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A Chance for Reform in Egypt

A Chance for Reform in EgyptA Fletcher student writes that a window may be opening for reform in Egypt, where a decades-long state of emergency has long-repressed many constitutional freedoms.

Medford/Somerville, Mass. [08.08.05] In the wake of a fatal bomb attack at Egypt's Sharm-El-Sheik resort in late July, President Hosni Mubarak announced his intention to seek a fifth term in office. The announcement comes as a reform movement determinedly opposed to the emergency rules that have governed the Arab state since the 1981 assassination of Anwar Sadat continues to evolve. One Fletcher School student hopes that this reform movement will continue to flourish.

"Democracy in Egypt first requires achieving the measure of political liberty and breathing space necessary to create viable opposition parties that augment their cries of 'Enough!' with concrete plans and popular support," Daniel Benaim wrote in an op-ed published in The Boston Globe. This summer, Benaim is a fellow at the Ibn Khaldun Center for Development Studies in Cairo.

Mubarak says that he will replace the emergency rules – which suppress many freedoms of speech and assembly guaranteed by Egypt's constitution – with additional measures designed to combat terrorism. Benaim believes that the Sharm-El-Sheik attack – the second large-scale fatal attack on the resort in the past year – could be an excuse to continue squelching political liberty.

"[The July 23] attack creates the possibility that the threat of Islamist militancy in Egypt will serve as a pretext for preserving and even expanding repressive laws that extend far beyond the imperative of combating terror," he wrote in an op-ed for the New York Post.

Benaim says that this approach – which has resulted in the banning of political parties, suppression of political speech and restriction of free assembly – is flawed.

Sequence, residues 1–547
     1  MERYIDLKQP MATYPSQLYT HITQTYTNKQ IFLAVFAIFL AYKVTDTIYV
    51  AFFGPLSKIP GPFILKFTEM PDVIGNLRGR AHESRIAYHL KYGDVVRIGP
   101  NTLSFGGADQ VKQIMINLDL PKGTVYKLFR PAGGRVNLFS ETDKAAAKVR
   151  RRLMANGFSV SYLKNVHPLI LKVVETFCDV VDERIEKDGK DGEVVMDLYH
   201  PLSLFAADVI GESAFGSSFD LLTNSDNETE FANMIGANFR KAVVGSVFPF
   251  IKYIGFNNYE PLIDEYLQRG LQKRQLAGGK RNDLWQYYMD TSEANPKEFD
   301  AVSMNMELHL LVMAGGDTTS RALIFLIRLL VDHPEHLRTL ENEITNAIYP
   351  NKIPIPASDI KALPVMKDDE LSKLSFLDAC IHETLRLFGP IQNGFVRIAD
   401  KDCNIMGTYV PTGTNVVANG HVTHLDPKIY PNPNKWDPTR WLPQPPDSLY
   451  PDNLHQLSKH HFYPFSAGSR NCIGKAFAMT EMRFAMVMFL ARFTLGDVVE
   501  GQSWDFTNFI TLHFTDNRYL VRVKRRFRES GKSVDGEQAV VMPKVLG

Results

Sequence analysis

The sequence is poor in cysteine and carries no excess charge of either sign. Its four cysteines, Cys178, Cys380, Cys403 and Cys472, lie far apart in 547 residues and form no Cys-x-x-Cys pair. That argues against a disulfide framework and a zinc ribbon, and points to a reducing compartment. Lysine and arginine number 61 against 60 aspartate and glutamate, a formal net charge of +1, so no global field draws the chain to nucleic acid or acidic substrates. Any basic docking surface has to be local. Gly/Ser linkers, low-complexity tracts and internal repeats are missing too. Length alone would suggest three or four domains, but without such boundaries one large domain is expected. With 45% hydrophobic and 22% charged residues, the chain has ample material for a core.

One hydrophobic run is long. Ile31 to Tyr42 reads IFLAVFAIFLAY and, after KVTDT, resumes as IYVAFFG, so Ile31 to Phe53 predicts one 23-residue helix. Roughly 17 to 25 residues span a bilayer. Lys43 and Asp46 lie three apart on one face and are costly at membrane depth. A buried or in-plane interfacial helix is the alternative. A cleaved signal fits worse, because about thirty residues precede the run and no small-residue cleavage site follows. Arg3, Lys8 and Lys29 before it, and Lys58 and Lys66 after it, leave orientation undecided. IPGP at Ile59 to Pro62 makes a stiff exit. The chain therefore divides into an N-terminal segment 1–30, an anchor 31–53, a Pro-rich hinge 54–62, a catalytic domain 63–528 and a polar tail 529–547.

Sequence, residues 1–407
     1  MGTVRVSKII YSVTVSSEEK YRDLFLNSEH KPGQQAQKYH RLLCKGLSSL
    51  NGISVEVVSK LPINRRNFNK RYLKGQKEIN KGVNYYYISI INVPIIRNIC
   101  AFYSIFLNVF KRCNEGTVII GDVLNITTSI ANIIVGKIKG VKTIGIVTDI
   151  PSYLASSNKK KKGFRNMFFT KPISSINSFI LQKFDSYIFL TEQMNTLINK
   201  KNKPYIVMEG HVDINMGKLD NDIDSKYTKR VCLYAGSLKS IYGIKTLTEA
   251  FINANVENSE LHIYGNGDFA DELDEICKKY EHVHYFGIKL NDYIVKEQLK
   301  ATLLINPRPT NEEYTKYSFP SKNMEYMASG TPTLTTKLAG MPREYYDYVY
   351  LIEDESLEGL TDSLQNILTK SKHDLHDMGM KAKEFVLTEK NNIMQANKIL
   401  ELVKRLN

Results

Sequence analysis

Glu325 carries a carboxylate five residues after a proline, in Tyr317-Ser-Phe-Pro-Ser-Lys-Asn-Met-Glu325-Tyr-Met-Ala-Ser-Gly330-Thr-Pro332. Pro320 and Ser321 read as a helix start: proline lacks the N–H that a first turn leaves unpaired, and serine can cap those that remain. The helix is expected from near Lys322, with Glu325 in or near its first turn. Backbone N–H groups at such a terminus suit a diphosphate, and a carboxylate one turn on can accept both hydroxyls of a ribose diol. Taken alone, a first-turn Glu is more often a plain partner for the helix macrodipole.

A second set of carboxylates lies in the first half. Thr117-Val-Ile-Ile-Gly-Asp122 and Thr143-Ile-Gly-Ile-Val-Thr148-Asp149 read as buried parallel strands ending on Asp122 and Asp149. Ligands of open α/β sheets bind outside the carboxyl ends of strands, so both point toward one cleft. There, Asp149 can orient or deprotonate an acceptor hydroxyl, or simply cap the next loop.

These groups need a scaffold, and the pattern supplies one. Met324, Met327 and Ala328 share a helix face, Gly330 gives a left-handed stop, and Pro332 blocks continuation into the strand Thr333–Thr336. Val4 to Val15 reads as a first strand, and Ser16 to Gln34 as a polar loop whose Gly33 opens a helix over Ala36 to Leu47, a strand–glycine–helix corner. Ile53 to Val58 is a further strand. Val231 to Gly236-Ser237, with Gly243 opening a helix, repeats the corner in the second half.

"While pro-regime intellectuals argue that the attack shows the continued need for political repression, it also shows that 25 years of emergency law have failed to stop religious extremist violence," he wrote.

Mubarak's willingness to alter these rules, the Fletcher student says, could provide an occasion for change.

"The fact that the president himself has called for their rewriting could represent an opening for the forces of reform to discuss core issues that have long been off the bargaining table," Benaim wrote in the Post.

"The confluence of elections this fall, a discontented populace no longer afraid to demonstrate, the looming question of presidential succession, and newly vigorous foreign pressure create a unique opportunity for reform in Egyptian politics," he further detailed in the Globe.

The reform movement in Egypt, he wrote in the Post, has recently "shown unprecedented boldness in making its demands in the streets of Egypt's cities." The key to encouraging further progress, he wrote, is "international pressure," particularly from the United States.

" America will continue to cooperate with the current Mubarak regime to fight terror and provide stability in the region. Now, however, would be an excellent time to leverage longtime U.S. support for Egypt and Mubarak to push for much-needed reforms," Benaim wrote in the Post.

Despite the need to continue joint efforts against terrorism, Benaim urges, the U.S. cannot stand idly by in the face of the need for reform.

"[ America] should not turn a tragedy into a blank check for a president and a party who stretched a 1981 murder into a quarter-century of nondemocratic, extraconstitutional rule," he wrote in the Globe.

 

 

 

 

 

 

 

 

 

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